IN NUMBERS: The staggering stats behind the development of the all-new 2022 car
We’re set for a 23-race season in which 20 drivers will face-off for the ultimate prize, with 10 teams vying for constructors’ championship supremacy. Everything changes in 2022, however, with a brand-new set of regulations facing the teams.
It’s taken an unprecedented amount of research by F1’s Motorsport team to produce the new machines. So, ahead of the start of the new seasion, we've broken down the 2022 car into numbers – with the help of the FIA's Head of Aerodynamics Jason Somerville and F1 Chief Technical Officer Pat Symonds.
Symonds explains the philosophy that led to this groundbreaking 2022 F1 car: "For the first time, when we set up this operation in 2017 actually, with a view of looking at the 2021 car [which was delayed due to the global pandemic], we have thrown heaps of resources, we have thrown millions of pounds at it – which again has never been done before. We’ve researched it to death!
"We’ve been very self-critical, we’ve engaged teams – allowed them to be critical – so never before has this amount of work gone into regulations on anything, whether that be aerodynamics, tyres, engine. Anything."
Here are the salient stats and numbers to get you excited for the new breed of F1 cars.
Gigabytes, that is. Or half a petabyte. That’s the amount of data accumulated by the F1 Motorsport team during the Computational Fluid Dynamics (CFD) cases. CFD cases are a computational model of the entire prototype car (or pair of cars), which simulates the airflow in and around the car, enabling the F1 Motorsport team to accurately quantify the aerodynamic influence of the geometric changes they have made.
To illustrate just how staggering a figure half a petabyte is, a DVD takes up just under five gigabytes. Half a million gigabytes would fill up 10 million four-drawer filing cabinets with text, or account for a third of the photographs on Facebook.
That's how many years it would take for a high-spec home computer using an Intel i9 processor to work its way through the 16.5 million core hours of computing clocked up by the Motorsport team.
"Our CFD models range from 150 to 600 million cells and run on high-specification AWS [Amazon Web Services] cloud computing systems," says Somerville. "The fastest F1 simulation results are returned to us within 2.5 hours of submitting the case."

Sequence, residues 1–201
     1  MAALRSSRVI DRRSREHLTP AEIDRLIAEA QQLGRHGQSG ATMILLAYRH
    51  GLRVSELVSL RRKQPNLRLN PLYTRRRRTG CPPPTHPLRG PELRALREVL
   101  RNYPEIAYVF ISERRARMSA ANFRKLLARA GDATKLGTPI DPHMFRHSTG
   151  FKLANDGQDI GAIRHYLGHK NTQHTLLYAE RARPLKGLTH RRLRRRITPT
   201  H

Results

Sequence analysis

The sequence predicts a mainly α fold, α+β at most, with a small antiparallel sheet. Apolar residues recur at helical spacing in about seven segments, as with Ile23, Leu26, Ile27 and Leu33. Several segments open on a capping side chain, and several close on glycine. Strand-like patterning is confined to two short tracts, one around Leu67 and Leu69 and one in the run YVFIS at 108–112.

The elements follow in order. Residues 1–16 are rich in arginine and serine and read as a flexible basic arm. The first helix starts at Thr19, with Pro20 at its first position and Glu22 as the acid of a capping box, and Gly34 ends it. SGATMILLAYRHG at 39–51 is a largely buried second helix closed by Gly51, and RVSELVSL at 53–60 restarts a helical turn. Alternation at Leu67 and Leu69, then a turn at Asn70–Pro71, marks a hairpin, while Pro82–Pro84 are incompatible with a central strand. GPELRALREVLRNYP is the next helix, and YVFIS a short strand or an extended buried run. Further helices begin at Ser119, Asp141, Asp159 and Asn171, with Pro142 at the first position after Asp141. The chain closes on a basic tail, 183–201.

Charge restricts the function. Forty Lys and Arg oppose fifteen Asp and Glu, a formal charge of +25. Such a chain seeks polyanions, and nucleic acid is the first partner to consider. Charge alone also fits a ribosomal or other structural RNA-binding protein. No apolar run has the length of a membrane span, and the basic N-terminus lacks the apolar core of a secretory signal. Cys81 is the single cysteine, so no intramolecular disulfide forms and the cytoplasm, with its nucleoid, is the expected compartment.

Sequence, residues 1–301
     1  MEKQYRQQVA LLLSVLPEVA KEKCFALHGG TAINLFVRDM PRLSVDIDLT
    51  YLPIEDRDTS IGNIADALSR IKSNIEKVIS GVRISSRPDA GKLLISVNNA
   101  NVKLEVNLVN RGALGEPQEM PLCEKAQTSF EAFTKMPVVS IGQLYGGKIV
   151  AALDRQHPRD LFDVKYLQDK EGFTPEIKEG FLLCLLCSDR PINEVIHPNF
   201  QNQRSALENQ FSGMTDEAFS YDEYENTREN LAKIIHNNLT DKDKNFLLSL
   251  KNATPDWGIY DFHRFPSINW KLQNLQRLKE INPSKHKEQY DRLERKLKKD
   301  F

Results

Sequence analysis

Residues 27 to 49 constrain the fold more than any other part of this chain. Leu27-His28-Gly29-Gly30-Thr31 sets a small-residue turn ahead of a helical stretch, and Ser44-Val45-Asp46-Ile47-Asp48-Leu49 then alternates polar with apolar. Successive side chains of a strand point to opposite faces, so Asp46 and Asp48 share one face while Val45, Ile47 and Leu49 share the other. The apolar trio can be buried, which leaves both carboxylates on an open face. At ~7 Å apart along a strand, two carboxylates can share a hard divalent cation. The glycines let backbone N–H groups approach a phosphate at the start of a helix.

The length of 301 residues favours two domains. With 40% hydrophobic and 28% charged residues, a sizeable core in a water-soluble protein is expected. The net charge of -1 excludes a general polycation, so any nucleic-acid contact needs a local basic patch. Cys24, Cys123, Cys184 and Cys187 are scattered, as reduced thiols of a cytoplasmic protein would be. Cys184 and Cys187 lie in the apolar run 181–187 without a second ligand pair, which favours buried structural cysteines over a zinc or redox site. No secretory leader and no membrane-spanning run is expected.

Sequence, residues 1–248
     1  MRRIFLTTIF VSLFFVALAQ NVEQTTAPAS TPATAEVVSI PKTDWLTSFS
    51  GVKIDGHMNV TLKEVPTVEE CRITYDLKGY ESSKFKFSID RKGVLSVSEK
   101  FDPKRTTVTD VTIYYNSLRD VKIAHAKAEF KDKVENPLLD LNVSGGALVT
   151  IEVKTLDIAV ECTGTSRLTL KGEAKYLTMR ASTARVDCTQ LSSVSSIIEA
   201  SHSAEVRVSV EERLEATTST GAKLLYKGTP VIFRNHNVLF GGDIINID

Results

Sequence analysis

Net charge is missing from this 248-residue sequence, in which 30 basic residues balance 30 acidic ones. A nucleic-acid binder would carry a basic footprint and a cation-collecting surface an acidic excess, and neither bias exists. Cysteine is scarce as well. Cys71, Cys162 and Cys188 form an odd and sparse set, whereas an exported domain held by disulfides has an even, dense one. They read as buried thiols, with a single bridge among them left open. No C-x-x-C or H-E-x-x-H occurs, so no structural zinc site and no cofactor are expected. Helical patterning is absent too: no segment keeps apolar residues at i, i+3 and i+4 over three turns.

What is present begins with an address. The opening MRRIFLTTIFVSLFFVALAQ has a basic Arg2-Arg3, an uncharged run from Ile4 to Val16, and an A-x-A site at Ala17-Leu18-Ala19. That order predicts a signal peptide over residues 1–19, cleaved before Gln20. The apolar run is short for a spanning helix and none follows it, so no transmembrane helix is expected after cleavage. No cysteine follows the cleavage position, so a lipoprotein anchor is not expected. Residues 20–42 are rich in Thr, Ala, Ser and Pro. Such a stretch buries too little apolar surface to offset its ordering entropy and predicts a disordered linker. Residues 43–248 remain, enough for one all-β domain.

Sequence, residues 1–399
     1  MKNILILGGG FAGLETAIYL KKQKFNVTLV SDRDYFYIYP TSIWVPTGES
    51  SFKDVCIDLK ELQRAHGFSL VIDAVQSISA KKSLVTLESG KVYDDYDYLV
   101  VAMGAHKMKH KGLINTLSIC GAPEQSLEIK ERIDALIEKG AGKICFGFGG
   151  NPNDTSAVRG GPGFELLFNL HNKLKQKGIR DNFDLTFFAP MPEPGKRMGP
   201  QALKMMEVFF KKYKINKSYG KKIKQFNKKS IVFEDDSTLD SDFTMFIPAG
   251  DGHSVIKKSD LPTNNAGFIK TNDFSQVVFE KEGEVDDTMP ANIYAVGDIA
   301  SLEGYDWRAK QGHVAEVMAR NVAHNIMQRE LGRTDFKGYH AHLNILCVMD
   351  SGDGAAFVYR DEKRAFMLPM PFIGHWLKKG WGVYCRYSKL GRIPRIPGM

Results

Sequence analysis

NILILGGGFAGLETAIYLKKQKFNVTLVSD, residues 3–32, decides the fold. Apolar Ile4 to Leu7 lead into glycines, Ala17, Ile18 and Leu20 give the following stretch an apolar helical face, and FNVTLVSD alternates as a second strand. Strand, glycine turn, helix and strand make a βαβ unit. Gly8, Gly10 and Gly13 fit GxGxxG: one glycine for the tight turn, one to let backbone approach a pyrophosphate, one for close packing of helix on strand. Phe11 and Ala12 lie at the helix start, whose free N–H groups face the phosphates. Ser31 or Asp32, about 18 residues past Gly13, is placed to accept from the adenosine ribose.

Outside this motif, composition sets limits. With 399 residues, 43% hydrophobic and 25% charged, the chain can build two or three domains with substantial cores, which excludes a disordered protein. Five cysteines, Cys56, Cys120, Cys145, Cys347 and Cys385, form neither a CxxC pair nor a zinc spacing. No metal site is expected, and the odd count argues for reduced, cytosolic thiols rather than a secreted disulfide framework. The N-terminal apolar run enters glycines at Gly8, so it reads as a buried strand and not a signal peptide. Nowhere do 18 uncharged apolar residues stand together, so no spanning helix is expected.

Million dollars: That’s the cost cap for every team on the grid this season. That number ($142.4m in 2022 to be exact) does exclude some things like marketing costs, but it’s a crucial figure. The objective here is to make for a more level playing field.
Percent, which is the peak thermal efficiency of the turbo-hybrid power units. Before 2014, that number stood at just 32% for Formula 1 engines – and the best road cars have a thermal efficiency with a percentage that hovers around the low to mid-40s.
Years, or four decades, since the last ground effect cars raced in F1. Ground effect is downforce produced by the undersides of the cars, and this year sees 3D floors keeping cars glued to the floor along with the work of the front and rear wings.
Crucially, the loss of downforce when one car is following another is lower than it was in 2021 (more on that number in a bit), which should make for closer racing.
Twenty different car concepts were produced by the F1 Motorsport team, each one assigned a letter of the phonetic alphabet. The final show car was titled 'Uniform'.
However, that number quickly spirals into the thousands when you take a more granular view, as aerodynamics head Somerville explains: "There were 20 formal baseline iterations, but each baseline step comprised hundreds of individual CFD simulations, where the design was continually developed and refined. Overall, we conducted over 10,000 CFD simulations!"
Inches – the size of the 2022 F1 tyres supplied by Pirelli. The tyres were redesigned from scratch, with more than 10,000 hours of indoor testing, 5,000 hours of simulation, and 70 virtual prototypes produced before nine teams tested them for 20,000 kilometres in 2021. The result is a wider working range than the 13-inch predecessors, limited overheating and reduced degradation.
The percentage of E10 fuel containing bio-components – part of Formula 1’s push for sustainability and aim of being Net Zero Carbon by 2030. That proportion of biofuel is the one that emits next to nothing when it comes to carbon dioxide, and F1 are aiming to go much further, targeting a move to 100% biofuel in the future.
Percent: this time the simulated loss of downforce when a 2022 F1 car is 20 metres behind another. In 2021, that figure was estimated to be around 35%. The loss of downforce rises to 18% when a 2022-spec car is behind another, compared to 46% when one 2021 car was behind another.
As for the number of people and hours of work involved in producing the final 2022 F1 car concept, that rises from the "handful" of experienced F1 engineers including Somerville and Symonds, who headed up the F1 Motorsport team, when you factor in the work of contractors, consultants, and F1 teams' own engineers.
That staggering body of work and the resultant numbers should add up to some incredible action this season, the longest in F1’s history with 23 Grands Prix, and one driver crowned at the end of it all…